Sunday, March 2, 2008

U-Rating Hearing--Statements by Administrators

Statement by Principal P (barely audible)

As Principal of I.S. 666 I gave Ms. Moriah an unsatisfactory rating because of her:

Lack of lesson planning
Ineffective delivery of lessons
Lack of engaging students
Lack of differentiation to individual needs
Lack of adapting to individual needs


Statement by Assistant Principle Z

During the observation process: preobservation, observation, and postobservation Ms. Moriah has on several occasions not been able to produce lesson plans. She stated to me that they are unnecessary for her. She has been teaching for many years. Therefore, she does not need a written lesson plan. I was asked to meet with her on a weekly basis to review her lesson plans. She did meet with me, and during those weekly meetings, she stated that she herself did not need a copy, Therefore acknowledging that lesson plans were for administrative purposes only and not for her use in class.

Assistant Principle X

It is my supervisory judgement that Ms. Moriah should receive an unsatisfactory rating for the following reasons:

1. Lesson planning. I went into her classroom and asked her for her lesson plan and she did not have one. And she told me she would give it to me the next period.

2. I observed an unsatisfactory lesson.

5 comments:

JUSTICE not "just us" said...

I find it unbelievable that teacher would say to an adminstrator that he or she does not have a lesson plan. YOU MUST HAVE A LESSON PLAN!

Anyway they lie they lie!!!

moriah said...

The principal wants it on the desk. Every day. Do you have a lesson plan when you are giving a midterm? When you are traveling from room to room, do you ALWAYS have your plan book, or is it sometimes at home, in your locker, in your bookbag, etc. Do you always need to have your plan book? Are there lessons that are so simple or so familiar that all you need to do is write the Objective and the rest is as automatic as cooking your favorite recipe ?(Do you always have your recipe book when cooking your favorite recipe?)

For my principal, if I don't have a detailed, typwritten lesson plan available on the desk when she comes in I get "written up" as not having a lesson plan. If she comes in and finds a plan she doesn't acknowledge it.

I have opted for posting my lesson plans online. The plan can't get lost and I have proof that I did plan because of the posting dates.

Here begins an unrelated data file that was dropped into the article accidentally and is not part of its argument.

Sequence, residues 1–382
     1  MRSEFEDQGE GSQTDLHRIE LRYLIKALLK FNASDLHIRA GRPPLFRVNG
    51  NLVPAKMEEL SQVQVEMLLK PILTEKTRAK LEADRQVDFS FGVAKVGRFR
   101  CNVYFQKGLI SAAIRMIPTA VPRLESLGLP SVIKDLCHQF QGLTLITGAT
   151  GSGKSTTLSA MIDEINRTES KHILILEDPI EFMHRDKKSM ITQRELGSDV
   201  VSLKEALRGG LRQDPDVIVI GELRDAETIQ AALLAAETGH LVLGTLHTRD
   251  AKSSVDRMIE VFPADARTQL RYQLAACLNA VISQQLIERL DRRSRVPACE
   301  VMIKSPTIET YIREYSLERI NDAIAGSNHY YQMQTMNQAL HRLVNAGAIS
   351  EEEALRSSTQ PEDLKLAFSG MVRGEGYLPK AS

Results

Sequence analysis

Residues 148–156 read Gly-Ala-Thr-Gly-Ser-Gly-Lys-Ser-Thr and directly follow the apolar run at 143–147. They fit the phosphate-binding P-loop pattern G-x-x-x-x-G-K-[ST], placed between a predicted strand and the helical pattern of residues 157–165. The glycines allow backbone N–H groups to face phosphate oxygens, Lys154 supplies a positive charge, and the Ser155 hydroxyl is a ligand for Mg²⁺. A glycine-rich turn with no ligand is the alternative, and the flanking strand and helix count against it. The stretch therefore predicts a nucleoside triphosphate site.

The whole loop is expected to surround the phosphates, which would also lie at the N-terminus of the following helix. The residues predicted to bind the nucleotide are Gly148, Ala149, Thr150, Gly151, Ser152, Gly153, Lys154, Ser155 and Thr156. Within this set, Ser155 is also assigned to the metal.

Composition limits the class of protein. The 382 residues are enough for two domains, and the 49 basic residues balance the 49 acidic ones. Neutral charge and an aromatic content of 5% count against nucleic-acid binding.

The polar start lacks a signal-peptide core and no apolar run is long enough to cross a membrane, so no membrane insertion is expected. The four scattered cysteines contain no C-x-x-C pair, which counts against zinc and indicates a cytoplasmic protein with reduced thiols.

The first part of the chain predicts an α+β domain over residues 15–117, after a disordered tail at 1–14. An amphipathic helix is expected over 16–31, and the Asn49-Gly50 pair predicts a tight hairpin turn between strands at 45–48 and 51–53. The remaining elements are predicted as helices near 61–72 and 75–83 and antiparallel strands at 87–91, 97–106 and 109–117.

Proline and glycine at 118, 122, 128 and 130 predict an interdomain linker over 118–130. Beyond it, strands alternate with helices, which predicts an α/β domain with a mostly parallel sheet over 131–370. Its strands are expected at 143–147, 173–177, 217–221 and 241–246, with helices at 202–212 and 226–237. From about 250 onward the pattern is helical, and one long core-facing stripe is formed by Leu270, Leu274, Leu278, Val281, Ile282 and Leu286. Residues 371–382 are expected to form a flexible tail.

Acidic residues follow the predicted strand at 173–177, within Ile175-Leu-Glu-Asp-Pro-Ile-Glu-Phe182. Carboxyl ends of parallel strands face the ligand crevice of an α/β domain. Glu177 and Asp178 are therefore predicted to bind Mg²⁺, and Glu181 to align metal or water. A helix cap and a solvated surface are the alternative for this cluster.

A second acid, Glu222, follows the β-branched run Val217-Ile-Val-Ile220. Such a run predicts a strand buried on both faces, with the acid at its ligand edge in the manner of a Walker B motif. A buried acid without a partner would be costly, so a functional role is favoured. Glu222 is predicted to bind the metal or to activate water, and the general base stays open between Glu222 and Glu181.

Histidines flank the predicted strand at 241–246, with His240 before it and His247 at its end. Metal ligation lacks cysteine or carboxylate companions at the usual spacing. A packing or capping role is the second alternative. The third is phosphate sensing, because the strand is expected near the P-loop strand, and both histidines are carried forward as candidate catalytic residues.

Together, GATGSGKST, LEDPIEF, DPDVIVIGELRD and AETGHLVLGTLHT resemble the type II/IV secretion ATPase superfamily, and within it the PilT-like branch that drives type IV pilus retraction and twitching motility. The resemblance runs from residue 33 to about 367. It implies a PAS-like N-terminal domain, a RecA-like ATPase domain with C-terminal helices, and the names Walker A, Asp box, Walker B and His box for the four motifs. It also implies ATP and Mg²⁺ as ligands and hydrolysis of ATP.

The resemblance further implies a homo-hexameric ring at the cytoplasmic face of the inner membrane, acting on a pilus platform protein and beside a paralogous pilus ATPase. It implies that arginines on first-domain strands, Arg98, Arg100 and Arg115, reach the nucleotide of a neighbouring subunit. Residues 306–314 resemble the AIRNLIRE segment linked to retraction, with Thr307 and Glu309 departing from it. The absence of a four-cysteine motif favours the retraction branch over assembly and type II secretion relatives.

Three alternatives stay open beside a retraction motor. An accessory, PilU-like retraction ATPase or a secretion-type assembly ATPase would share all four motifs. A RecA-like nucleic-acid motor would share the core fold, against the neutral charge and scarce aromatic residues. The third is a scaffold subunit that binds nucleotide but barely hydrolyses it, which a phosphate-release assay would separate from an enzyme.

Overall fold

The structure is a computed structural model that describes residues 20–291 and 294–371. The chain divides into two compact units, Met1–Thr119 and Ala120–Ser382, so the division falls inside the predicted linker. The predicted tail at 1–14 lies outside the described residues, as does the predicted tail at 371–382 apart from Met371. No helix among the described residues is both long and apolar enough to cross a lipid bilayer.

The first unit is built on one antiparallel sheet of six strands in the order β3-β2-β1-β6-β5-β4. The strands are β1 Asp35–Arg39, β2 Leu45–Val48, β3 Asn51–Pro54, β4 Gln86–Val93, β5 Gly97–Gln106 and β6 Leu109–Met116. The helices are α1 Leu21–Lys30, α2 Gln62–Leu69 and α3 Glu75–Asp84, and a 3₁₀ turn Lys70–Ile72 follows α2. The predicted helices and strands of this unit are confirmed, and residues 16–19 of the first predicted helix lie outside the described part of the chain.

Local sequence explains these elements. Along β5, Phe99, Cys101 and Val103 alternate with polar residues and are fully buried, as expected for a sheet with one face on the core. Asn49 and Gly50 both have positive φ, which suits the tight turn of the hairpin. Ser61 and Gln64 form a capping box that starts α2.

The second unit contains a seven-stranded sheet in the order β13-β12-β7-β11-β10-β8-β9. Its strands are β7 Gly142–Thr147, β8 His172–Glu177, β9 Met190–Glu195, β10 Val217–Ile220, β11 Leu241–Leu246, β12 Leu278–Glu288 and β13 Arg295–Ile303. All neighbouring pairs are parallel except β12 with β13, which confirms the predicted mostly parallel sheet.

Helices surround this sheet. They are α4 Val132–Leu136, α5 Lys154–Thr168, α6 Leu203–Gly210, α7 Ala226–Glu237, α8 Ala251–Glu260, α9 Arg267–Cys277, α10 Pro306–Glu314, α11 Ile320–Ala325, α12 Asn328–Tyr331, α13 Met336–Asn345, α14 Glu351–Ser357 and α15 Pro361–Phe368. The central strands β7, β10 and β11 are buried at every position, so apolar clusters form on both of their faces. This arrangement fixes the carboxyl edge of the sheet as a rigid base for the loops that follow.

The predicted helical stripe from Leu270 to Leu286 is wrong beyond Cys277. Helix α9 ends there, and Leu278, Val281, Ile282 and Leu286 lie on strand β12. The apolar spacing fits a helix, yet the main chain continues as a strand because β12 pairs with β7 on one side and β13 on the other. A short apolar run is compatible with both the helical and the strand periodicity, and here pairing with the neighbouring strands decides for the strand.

I can't link the two sites, because they are now involving children in their smear campaign. I am trying to keep the kids annonymous, by withholding the school's name.

Anonymous said...

I have been following your blog for some time now. Being a longtime teacher, I do many lessons without consulting my lesson plan book. I know the targets, benchmarks, etc. However, knowing that your administration has been doing everything in its power to find something unacceptable about your performance, you should make yourself untouchable. If the principal wants the plan book on the desk, put the plan book on the desk. You have bigger battles to fight with your administration than to get caught up in petty battles.

moriah said...

You are right of course. It is a moot point now because I post all my lessons on a blog like this one. If for some reason I lose my lesson of the day, I reprint it.

However, I believe that my principal is violating the contract by insisting on having the lesson plan available to her at a moment's notice. This is not a petty battle. We are not in the Army. We should not be subjected to surprise inspections while we are teaching. The contract clearly states that the lesson plan is for the teacher's use. That clause was put in the contract because principals were using lesson plans as a means to punish and harrass. What good is the contract if the principal can do what she pleases anyway?????

Karen said...

Did your UFT adviser ask the principal to file a copy of the school district's written policies and procedures as to what constitutes a "satisfactory" lesson? Similarly, to file a copy of the school district's written policies and procedures concerning the methods for conducting the annual professional performance review?

If not, why not?